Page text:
Brocade Communication Systems today announced the release of a new line of Ethernet-based switches that will allow standard server traffic to share networks with data storage traffic, offering administrators a method of reducing network complexity and cost.
Brocade's new VDX family of switches comes with an ASIC loaded with Brocade's Virtual Cluster Switching firmware, which allows up to 10 switches to be clustered together and managed under a single interface.
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"Today's applications involve more clusters, Web 2.0 technology, interserver communication as peers. That's really creating need for a new network where older technologies like Spanning Tree don't fit," said Doug Ingraham, Brocade's vice president of data center products. "This allows you to scale in a virtualized [server] environment without adding network complexity."
Brocade's first switch in its new family is the VDX 6720, which comes in two models: a 1U, 24-port unit and a 2U, 60-port chassis. The switches can be configured with 10Gbps Ethernet connectivity or Gigabit Ethernet ports.
A cluster of 10 VDX switches can scale up to 600 10Gbps Ethernet ports and can support 8,000 virtual machines, Ingraham said. In a VDX clustered-switch architecture, virtual machines can be moved between physical servers without disrupting operations, he said. Virtual machine (VM) migration works by copying the VM to a new physical server and automatically redirecting network traffic.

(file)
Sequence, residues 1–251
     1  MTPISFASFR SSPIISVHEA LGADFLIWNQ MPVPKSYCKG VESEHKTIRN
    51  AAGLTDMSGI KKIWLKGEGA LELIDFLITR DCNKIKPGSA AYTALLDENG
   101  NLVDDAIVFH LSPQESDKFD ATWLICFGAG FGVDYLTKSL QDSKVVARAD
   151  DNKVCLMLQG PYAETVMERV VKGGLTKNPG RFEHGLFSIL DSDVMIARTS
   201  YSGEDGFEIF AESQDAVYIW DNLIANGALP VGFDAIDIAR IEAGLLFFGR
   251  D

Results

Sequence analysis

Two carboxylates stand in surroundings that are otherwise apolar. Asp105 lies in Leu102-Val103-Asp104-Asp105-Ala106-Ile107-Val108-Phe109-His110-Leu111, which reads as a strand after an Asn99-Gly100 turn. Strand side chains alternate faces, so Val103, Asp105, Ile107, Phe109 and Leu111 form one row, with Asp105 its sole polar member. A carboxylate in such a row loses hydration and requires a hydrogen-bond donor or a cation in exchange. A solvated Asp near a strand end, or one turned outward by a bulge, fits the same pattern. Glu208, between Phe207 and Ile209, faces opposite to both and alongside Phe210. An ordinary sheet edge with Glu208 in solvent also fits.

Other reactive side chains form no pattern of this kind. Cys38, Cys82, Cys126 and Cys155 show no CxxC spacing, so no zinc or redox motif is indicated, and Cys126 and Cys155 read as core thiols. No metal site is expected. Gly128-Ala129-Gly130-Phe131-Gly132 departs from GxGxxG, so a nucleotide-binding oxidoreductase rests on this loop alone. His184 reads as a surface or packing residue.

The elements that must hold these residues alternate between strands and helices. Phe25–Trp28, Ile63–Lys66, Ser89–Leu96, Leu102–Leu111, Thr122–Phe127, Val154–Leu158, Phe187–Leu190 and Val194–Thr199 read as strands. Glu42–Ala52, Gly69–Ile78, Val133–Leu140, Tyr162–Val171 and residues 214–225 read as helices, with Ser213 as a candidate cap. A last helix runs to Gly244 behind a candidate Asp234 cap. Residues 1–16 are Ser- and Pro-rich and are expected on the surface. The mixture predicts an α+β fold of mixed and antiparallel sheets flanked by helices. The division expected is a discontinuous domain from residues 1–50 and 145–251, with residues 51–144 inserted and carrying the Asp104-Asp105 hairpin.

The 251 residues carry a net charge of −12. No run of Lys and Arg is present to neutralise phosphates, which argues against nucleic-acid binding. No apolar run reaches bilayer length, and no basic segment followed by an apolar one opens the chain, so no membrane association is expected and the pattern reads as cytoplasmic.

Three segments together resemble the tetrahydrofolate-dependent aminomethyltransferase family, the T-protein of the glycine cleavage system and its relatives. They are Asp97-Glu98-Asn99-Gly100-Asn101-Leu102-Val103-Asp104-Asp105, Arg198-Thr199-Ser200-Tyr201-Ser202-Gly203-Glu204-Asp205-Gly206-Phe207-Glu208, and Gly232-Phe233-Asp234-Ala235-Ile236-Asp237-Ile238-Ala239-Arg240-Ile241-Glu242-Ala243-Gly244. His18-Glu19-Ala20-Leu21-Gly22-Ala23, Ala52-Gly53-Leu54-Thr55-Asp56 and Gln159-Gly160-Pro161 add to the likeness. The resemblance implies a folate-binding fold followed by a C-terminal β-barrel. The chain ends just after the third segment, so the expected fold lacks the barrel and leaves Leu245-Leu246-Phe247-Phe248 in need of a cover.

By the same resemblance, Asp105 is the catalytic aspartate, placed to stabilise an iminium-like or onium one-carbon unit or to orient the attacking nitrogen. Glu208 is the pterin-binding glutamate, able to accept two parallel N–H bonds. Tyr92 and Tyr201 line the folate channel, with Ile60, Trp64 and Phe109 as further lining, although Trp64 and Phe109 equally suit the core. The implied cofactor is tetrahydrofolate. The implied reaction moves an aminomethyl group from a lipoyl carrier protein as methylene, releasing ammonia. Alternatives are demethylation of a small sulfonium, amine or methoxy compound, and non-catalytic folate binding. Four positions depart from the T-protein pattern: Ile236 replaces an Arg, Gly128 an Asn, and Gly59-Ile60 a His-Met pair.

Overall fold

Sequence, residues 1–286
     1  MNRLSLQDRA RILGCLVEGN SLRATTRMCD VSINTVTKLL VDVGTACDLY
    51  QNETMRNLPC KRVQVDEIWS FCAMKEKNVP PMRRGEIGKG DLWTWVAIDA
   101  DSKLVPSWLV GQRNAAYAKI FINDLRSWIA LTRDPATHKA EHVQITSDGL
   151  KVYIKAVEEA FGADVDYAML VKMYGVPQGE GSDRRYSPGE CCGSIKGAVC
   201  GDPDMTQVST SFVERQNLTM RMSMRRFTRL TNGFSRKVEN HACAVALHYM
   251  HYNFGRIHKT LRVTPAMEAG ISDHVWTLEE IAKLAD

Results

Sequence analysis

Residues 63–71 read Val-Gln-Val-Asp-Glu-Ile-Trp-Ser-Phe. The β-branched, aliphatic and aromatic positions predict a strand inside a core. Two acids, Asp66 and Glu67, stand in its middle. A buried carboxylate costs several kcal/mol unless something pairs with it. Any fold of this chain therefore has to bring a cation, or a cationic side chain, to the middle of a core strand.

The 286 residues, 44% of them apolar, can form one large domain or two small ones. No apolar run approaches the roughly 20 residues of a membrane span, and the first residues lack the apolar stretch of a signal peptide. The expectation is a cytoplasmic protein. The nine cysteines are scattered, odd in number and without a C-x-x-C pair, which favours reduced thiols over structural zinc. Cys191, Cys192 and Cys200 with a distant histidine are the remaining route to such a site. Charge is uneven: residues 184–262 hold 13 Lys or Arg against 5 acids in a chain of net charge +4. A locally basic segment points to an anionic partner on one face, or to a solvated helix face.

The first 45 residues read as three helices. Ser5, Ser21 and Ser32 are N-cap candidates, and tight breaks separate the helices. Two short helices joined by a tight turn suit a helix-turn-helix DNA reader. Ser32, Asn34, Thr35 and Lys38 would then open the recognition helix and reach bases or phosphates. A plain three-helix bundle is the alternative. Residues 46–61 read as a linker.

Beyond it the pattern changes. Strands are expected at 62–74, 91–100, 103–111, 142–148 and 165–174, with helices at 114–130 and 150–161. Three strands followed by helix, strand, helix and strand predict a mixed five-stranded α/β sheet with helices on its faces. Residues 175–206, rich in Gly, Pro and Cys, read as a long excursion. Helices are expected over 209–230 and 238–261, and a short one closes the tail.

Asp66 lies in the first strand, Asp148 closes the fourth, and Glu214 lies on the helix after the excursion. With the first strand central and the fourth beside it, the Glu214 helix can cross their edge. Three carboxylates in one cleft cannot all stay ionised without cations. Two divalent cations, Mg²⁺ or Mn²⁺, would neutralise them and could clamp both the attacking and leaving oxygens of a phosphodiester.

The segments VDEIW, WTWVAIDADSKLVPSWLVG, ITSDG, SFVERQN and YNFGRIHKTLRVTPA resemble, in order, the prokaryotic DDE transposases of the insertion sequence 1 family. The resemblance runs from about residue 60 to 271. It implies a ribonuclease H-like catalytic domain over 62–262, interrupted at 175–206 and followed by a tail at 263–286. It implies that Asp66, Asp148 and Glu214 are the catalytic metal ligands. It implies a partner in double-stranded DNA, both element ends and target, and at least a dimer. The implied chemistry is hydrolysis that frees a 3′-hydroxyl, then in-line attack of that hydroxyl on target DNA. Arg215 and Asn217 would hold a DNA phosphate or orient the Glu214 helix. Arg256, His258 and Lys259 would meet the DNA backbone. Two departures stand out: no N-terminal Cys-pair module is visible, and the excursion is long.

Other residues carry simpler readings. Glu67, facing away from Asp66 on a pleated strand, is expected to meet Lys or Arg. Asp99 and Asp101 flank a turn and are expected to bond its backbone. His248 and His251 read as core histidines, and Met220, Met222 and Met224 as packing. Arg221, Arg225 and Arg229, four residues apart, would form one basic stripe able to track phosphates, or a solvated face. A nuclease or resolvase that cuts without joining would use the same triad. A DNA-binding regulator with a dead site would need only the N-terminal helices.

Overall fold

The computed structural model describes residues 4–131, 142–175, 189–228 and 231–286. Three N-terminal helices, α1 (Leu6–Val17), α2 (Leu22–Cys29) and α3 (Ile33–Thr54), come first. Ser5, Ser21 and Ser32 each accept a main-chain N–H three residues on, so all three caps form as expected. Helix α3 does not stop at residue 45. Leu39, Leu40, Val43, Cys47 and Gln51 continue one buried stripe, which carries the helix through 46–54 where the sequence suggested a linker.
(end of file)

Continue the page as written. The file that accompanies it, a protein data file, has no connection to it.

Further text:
The VDX switches have been precertified to work with any hypervisor on the market, including VMware, Citrix XenServer, and Microsoft Hyper-V.
The switches represent Brocade's first end-to-end Fibre Channel-over-Ethernet (FCoE) fabric, allowing block level data to be backed up over a LAN to a SAN. Administrators can also use the iSCSI protocol for backing up Wintel server farms.
Brocade also is offering a service to help users design and implement a network architecture for their virtual server environment with the VDX switches.
The VDX 6720 will begin shipping in December. A base model starts at $10,700, but users can upgrade by purchasing additional port licenses, 10 ports at a time.
"So you can buy a 60-port switch and use 30, 40, 50, or 60 ports. So you only pay for what you utilize," Ingraham said.
Lucas Mearian covers storage, disaster recovery and business continuity, financial services infrastructure and health care IT for Computerworld. Follow Lucas on Twitter at @lucasmearian, or subscribe to Lucas's RSS feed. His email address is firstname.lastname@example.org.
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